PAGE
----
Developed By : Eden Games
Published By : Microids
Category : Racing/Sports
Release Date : Nov 21, 2017
Exclusive to the Switch console, Gear.Club Unlimited appears at a glance to be Nintendo’s equalizer. Microsoft players have Forza, Sony get’s Gran Turismo. Here on the Switch we get…this. Promising to put the player in the driver seat of almost three dozen of the world’s fastest super cars. Can Nintendo’s stab at it’s first exclusive simulation-style racing game put it on the map? There’s not much story to talk about here because the whole point of it is to go vroom vroom! So, instead, let us focus on the things that would matter the most about a game like this. The cars, the tracks, and how it handles for you, the player.
The games ultimate final count of cars that you can unlock and purchase is 32. Included in these ranks are the likes of Alfa Romeo 4C, 2015 Ford Mustang GT, some McLaren’s, BMW’s. Even at the “low end” of the list of cars, you’ll find some of the world’s most luxurious and fastest cars. And every single one of them looks stunning. Gear.Club is rendered so beautifully, with such attention paid to these cars. Between races you’re able to mess around with them in your workshop/garage space, and while here you can open the doors, peek under the hood. Get up close and personal with just about every square inch of your car.
All the cars are broken up into classes A, B, C, and D, with subgroups narrowing them down even further than this. Each class and subgroup is restricted to it’s own level of races, so it won’t be enough to have any A class car, you’ll specifically need an A2 car to participate in those races. You’ll be provided with a garage space to, so your cars can be upgraded further with performance parts, as well as cosmetic things such as bumpers and rear spoilers. Certain upgrades will need have a prerequisite that needs to be upgraded first, for instance you can’t install a new gearbox until you first upgrade your engine.
One thing I noticed long ago with racing games, is they try and trick you by promising an incredibly high number of tracks to race on. When in reality, all they mean is you have a much smaller number of tracks, but each can be altered with dozens of layout changes, with each layout counting as it’s own track. Well…I guess technically it is, but you see how it can be tricky. Gear.Club Unlimited does this, but in a slightly different tricky way, touting 400 races for you. And, that’s what you get. The games career spans over 400 races, and that’s about it.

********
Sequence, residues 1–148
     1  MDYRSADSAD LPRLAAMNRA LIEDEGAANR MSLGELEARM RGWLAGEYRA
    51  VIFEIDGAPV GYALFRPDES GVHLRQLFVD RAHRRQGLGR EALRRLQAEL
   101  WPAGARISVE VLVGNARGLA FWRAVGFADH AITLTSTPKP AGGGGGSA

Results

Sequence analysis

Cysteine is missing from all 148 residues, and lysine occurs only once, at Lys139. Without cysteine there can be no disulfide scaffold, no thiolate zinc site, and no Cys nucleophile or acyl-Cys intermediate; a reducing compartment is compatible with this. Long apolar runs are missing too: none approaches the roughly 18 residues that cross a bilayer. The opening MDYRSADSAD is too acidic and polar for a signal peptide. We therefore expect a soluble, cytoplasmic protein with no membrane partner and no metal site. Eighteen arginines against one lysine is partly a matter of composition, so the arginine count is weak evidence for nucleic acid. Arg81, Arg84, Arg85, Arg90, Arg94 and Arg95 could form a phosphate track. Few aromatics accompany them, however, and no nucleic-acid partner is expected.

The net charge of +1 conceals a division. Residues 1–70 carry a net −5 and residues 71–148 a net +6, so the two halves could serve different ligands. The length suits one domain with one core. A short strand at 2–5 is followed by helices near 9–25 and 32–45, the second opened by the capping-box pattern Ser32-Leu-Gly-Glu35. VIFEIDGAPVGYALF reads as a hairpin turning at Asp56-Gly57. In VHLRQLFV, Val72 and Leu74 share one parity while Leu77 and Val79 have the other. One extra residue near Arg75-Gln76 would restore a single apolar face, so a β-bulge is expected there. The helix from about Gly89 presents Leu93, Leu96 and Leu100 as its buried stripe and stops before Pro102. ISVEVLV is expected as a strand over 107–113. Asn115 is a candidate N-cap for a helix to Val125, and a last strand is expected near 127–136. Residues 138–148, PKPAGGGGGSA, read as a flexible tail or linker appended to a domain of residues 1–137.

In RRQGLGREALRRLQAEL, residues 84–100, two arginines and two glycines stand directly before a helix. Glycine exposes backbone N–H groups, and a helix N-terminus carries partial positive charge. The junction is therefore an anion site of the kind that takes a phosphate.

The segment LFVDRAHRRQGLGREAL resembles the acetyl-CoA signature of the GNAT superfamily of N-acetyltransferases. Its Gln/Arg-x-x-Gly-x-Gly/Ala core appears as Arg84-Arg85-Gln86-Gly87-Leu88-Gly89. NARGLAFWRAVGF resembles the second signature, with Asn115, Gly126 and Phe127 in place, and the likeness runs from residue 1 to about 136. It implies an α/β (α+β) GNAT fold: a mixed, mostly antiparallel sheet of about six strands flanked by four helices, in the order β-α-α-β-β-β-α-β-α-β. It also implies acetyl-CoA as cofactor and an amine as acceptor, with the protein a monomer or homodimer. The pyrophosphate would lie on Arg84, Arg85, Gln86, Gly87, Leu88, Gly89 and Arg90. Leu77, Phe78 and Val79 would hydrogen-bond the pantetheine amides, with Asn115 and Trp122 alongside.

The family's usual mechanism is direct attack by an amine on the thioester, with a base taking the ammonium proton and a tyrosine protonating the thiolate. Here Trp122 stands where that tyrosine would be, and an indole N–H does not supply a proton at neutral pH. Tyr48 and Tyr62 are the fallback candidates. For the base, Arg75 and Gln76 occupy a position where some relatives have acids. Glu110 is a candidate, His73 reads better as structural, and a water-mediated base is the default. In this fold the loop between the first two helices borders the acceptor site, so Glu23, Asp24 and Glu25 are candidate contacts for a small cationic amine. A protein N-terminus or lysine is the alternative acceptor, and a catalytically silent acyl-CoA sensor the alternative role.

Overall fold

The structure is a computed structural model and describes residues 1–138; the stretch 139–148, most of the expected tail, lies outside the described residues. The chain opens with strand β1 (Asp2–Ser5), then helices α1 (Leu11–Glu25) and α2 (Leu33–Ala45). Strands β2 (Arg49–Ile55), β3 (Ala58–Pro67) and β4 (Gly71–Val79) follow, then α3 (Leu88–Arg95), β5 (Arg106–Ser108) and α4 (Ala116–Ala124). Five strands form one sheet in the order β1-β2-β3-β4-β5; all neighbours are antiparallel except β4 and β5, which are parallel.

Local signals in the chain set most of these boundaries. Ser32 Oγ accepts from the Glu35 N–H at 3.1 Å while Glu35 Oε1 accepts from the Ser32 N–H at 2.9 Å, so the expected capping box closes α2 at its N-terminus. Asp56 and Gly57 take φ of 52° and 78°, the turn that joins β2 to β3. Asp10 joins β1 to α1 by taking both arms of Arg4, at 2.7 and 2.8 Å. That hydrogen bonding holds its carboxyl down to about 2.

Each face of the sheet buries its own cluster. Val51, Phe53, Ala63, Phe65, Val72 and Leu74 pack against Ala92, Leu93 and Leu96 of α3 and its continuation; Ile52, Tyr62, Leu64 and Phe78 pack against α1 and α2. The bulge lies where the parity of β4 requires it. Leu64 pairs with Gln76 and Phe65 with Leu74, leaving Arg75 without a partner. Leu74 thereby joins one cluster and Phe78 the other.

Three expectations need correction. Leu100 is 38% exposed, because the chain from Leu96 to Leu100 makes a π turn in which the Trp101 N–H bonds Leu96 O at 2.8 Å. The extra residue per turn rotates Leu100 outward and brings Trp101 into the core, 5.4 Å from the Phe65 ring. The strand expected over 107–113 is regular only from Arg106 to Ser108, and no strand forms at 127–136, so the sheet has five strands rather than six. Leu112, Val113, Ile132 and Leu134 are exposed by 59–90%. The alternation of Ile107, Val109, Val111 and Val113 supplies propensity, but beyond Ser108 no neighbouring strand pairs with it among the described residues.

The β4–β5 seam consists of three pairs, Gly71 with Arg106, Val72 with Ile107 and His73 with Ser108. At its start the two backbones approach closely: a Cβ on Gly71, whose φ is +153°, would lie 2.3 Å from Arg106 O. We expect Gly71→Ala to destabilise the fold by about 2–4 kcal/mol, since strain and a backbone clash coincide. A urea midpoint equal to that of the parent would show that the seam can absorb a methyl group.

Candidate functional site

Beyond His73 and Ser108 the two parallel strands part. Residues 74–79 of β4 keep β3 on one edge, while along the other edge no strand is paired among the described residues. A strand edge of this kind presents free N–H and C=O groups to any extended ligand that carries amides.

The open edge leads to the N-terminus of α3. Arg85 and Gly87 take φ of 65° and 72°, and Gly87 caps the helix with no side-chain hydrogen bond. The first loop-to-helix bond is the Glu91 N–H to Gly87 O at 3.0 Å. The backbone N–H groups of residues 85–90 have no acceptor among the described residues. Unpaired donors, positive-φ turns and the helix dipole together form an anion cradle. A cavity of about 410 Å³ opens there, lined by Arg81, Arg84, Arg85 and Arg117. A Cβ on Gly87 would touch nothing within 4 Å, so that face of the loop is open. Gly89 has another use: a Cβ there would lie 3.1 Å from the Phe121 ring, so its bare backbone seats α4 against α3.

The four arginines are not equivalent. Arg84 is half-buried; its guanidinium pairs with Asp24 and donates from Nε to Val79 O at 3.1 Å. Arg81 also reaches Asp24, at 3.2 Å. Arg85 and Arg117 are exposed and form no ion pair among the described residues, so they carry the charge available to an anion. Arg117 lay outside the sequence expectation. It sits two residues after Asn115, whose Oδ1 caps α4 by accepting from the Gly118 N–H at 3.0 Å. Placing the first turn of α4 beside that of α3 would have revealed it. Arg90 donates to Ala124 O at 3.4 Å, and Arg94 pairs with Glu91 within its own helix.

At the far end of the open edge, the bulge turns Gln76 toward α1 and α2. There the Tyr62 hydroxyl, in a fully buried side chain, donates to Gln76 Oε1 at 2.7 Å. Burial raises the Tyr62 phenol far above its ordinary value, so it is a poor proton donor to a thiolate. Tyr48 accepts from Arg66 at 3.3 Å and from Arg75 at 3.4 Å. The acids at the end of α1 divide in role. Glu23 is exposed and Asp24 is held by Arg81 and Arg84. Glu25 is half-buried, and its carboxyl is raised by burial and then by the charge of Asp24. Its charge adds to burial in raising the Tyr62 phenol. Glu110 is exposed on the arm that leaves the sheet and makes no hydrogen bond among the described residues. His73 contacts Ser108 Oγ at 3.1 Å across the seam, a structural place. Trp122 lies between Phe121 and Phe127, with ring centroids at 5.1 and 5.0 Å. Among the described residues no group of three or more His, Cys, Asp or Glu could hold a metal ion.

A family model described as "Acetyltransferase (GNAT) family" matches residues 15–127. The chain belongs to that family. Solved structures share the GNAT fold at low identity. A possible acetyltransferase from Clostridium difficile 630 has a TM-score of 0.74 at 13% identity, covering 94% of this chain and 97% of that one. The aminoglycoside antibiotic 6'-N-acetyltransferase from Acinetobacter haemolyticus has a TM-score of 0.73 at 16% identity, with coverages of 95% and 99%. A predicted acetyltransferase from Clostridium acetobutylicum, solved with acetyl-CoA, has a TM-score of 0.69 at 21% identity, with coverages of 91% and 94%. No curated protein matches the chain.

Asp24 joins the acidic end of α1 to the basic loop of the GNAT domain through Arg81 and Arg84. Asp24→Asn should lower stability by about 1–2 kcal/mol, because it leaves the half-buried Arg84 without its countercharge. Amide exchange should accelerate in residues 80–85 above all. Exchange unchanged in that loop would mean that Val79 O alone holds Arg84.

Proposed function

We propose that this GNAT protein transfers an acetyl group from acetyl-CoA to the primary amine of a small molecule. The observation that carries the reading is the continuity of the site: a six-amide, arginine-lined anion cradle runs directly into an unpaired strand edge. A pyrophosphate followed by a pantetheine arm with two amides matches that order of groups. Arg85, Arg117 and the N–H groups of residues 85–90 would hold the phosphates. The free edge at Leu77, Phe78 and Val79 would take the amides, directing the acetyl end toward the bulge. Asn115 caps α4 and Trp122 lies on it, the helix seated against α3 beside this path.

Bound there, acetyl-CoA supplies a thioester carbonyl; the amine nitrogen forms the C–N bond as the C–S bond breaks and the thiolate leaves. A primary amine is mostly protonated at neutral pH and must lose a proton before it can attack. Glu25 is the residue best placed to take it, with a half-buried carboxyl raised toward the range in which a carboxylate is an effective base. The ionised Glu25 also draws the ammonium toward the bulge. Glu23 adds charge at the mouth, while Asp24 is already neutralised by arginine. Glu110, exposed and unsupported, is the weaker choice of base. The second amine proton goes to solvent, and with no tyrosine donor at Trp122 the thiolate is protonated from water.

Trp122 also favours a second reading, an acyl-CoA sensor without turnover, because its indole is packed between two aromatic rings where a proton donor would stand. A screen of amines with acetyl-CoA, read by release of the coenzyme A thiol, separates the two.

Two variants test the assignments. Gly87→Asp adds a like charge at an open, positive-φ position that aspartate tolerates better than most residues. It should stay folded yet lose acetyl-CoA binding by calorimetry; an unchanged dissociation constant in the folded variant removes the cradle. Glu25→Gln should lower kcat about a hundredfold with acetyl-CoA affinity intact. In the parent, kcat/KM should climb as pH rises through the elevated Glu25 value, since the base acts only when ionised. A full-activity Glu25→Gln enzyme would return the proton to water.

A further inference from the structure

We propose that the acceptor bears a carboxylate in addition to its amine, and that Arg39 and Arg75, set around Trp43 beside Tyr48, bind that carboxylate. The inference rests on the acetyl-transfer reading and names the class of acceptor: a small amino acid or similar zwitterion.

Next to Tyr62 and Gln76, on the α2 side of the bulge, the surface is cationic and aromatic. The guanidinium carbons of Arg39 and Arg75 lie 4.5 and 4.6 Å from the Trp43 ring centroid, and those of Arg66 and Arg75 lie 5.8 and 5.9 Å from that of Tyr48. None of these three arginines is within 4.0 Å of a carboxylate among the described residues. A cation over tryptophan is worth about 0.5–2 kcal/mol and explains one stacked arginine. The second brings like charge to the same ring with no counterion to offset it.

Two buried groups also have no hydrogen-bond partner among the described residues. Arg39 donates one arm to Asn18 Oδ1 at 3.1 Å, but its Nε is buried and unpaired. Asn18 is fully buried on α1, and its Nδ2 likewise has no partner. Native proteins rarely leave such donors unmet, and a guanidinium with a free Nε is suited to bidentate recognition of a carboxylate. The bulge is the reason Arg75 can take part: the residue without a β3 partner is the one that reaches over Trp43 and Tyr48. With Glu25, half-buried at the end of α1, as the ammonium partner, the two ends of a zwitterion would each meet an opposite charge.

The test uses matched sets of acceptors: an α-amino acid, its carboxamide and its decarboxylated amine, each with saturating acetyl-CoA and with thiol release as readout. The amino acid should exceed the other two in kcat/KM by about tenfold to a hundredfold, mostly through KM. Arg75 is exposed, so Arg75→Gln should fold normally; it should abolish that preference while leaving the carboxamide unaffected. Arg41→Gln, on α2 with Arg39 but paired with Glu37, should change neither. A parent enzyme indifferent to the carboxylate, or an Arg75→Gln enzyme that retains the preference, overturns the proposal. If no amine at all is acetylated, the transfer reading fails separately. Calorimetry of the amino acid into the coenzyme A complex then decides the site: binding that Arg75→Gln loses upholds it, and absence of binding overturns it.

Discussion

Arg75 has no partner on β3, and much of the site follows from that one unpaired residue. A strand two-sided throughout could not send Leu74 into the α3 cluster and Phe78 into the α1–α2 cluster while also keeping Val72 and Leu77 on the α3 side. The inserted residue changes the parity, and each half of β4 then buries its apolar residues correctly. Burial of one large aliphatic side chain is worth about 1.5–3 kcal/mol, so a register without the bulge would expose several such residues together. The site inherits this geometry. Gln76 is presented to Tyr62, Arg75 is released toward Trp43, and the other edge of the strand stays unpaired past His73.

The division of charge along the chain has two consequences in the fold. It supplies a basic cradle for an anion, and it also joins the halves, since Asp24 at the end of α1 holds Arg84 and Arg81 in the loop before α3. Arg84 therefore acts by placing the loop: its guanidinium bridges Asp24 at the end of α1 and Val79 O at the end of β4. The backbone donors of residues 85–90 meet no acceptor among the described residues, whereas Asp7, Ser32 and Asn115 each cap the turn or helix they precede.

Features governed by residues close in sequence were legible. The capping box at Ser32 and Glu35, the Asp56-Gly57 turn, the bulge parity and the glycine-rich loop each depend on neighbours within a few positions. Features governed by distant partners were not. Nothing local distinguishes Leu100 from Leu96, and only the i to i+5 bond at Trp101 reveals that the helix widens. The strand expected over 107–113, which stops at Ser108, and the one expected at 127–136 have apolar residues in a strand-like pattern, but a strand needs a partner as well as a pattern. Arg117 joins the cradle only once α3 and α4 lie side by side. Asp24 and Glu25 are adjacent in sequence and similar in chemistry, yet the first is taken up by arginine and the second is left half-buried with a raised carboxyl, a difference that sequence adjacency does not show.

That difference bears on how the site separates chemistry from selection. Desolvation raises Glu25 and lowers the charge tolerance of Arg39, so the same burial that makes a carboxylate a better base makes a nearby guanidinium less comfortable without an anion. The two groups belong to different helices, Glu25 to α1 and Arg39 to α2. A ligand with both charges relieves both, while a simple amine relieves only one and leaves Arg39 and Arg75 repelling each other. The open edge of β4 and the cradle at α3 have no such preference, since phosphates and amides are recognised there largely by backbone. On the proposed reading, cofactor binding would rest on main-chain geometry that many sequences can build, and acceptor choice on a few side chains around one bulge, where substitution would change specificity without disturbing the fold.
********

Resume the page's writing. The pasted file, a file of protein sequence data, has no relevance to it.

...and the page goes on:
It’s hard to determine exactly how many tracks there are. You’ll visit a number of different regions, all of which are rendered just as beautifully as the cars are. Through cities, alongside waterways, in the woods, mountains. This game will bring you to all sorts of locations, but there’s not a lot of difference from track to track. In the whole first area, I felt like I was racing the exact same course through almost a dozen different races, only experiencing minor differences in corners, or the good old-fashioned “reverse” track method. And don’t expect much difference for racing styles either. You’ll be treated to traditional lap races, rally style races, and time trials where all you have to do is compete against ghost cars.
How It Feels
Right off the bat, you’ll get popped behind the wheel of a McLaren to introduce you to the games controls. Gear.Club utilizes traditional racing controls that you’ll find on other consoles. Triggers to gas and brake, and e-brake button. You can even treat yourself with the game’s rewind feature, that will let you zip back a handful of seconds to correct any mistakes you might have made on the track. What’s most fun though is the fact that the game makes use of the Switch’s HD Rumble feature. If your car experiences any bumping or collisions, you’ll feel it respectively in the controller, with the front of your car being more to the top of the joy-cons.
Where the game falls apart a bit though is it’s actual driving handling. Accelerating and braking feel and respond just fine, but turning feels quite stiff and sometimes slow to respond. It’s only by fractions of a second, but it’s enough to completely throw off how you want to turn unless this is the first simulation racing game you’re getting your hands on.
Overall, the game really isn’t that bad. While it comes up short on the number of cars and race types, Gear.Club Unlimited is still a great game to play. I honestly expected a lot worse from the simulation racer, but I was thoroughly pleased with what I experienced. The career is quite lengthy, so it’ll keep racing fans plenty busy. Personally, I loved messing around with the garage area. It took on an almost matchbox-car style approach. Your garage can have a number of different areas to focus on things like performance parts, cosmetics, tires and brakes. To move your car from one area to another you just simply have to pick it up and plop it down somewhere else.
If this game is to turn into a whole franchise, it definitely has a long ways to go before it can stand up tall with it’s brethren on the other consoles, but for a first push out of the gate Gear.Club is a blast for anyone who likes zipping around on four wheels. It’s also not surprising to make note of the fact that Eden Games has, in the past, worked on the Test Drive Unlimited games so…it’s not their first time behind the wheel.